OXFORD UNIVERSITY PRESS

Armed Guests: Territorial Sovereignty and Foreign Military Basing

ISBN : 9780190097752

Price(incl.tax): 
¥11,396
Author: 
Sebastian Schmidt
Pages
312 Pages
Format
Hardcover
Size
156 x 235 mm
Pub date
Jan 2021
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In the wake of World War II, the United States and its allies developed a new type of security arrangement in which a state could maintain a long-term, peacetime military presence on the territory of another equally sovereign state that, unlike earlier practice, was not tied to occupational regimes or colonial rule. The impact of this development on international politics is hard to overstate, and it has become a constitutive feature of contemporary security dynamics. Despite its significance, the origins of this basing practice have remained largely understudied and unexplained. In Armed Guests, Sebastian Schmidt develops a theory to explain the emergence of this phenomenon, which he calls "sovereign basing," and in doing so, shows how its development fundamentally transformed state sovereignty and the very nature of security politics. He applies concepts derived from pragmatist thought to a historical study of the relations between the United States and its wartime allies to explain how sovereign basing originated through the efforts of policymakers to come to grips with the unique security environment of the postwar era. As he argues, the tools offered by pragmatism provide needed analytical leverage over the emergence of novelty and offer valuable insight into the dynamics of stability and change. Armed Guests is a wide-ranging account of the development of sovereign basing practices in the years before and after World War II. It is a book with significant implications for our understanding of contemporary security politics and the future of basing strategies as well as for broader issues in IR, including the sociological foundations of security strategies, the nature of norms, and the practice of sovereignty.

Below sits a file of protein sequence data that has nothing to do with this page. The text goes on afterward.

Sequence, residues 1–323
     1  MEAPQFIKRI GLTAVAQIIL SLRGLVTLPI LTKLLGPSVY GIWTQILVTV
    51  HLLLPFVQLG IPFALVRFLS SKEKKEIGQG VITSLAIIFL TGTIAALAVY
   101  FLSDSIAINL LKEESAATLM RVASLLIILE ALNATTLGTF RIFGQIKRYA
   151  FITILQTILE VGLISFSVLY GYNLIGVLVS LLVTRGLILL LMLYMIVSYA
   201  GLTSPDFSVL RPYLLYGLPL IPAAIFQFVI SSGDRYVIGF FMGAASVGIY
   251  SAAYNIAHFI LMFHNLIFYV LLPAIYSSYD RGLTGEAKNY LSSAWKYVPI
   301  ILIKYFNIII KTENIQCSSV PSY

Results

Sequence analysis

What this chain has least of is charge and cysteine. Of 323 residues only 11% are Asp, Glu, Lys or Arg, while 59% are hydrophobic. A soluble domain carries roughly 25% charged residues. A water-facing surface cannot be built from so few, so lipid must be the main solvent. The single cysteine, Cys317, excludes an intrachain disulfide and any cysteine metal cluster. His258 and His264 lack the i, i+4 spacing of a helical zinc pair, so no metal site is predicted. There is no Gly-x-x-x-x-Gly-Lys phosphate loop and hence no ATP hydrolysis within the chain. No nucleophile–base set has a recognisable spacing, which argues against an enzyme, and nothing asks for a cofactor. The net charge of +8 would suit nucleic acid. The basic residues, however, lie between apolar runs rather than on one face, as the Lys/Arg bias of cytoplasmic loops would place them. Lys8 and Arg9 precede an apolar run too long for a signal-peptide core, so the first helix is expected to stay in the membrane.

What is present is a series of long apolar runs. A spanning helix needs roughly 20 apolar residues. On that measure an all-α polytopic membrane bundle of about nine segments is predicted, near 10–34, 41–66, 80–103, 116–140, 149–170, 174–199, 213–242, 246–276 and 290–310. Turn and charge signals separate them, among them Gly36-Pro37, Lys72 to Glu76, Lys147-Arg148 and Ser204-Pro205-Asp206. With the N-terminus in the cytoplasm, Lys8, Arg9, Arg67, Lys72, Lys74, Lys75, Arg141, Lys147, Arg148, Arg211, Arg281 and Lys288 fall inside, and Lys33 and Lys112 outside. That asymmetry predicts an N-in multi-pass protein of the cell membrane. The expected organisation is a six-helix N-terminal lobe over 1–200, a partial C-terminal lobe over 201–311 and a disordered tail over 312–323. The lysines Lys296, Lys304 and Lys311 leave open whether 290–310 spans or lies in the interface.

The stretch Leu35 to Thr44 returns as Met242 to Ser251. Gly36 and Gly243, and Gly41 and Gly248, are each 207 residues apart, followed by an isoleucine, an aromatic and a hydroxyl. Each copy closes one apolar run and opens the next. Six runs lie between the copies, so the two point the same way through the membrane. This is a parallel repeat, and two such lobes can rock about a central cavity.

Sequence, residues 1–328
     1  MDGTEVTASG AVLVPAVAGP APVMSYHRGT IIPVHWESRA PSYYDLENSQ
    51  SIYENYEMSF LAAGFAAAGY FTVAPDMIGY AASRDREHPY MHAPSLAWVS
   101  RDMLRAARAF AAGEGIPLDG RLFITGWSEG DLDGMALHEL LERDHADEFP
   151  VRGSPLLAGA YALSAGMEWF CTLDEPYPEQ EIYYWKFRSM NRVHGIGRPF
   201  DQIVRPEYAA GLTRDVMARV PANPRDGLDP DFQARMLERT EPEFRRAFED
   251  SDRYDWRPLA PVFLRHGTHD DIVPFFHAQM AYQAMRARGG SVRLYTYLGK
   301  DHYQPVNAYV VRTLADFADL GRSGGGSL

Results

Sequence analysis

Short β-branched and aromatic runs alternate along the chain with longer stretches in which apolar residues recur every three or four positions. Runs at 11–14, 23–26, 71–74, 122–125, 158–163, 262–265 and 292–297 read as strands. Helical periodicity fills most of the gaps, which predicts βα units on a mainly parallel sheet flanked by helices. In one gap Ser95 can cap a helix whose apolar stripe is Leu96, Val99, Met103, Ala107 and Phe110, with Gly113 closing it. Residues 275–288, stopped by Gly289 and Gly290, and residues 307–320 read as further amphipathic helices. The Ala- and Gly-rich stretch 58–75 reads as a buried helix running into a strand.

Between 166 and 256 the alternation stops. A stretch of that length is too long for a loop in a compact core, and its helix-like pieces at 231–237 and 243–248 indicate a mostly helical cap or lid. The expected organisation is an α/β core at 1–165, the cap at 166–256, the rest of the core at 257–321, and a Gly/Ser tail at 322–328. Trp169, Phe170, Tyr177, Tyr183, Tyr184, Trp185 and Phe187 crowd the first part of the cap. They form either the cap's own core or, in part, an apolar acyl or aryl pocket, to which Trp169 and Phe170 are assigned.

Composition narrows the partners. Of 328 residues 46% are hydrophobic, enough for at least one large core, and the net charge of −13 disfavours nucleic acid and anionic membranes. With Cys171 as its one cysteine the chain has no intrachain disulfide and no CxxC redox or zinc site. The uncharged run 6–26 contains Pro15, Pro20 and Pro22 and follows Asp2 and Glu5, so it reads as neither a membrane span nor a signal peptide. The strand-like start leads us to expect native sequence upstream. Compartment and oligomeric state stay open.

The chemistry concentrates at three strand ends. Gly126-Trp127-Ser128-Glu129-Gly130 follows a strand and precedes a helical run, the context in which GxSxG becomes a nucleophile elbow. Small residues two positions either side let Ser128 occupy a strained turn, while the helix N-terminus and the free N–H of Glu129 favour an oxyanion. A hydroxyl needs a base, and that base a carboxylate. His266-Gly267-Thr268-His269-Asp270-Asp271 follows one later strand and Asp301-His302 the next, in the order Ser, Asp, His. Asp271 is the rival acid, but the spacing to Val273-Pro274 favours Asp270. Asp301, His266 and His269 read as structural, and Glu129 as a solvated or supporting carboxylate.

Index: 

Chapter One: Introduction
Chapter Two: Pragmatism: Practices, Process, and Change in International Politics
Chapter Three: Sovereignty: Then and Now
Chapter Four: Colonial Collisions
Chapter Five: Searching for Security, 1942-1947
Chapter Six: Here to Stay, 1948-1951
Chapter Seven: Conclusion
References
Notes
Index

About the author: 

Sebastian Schmidt is Assistant Professor of Political Science at Johns Hopkins University.

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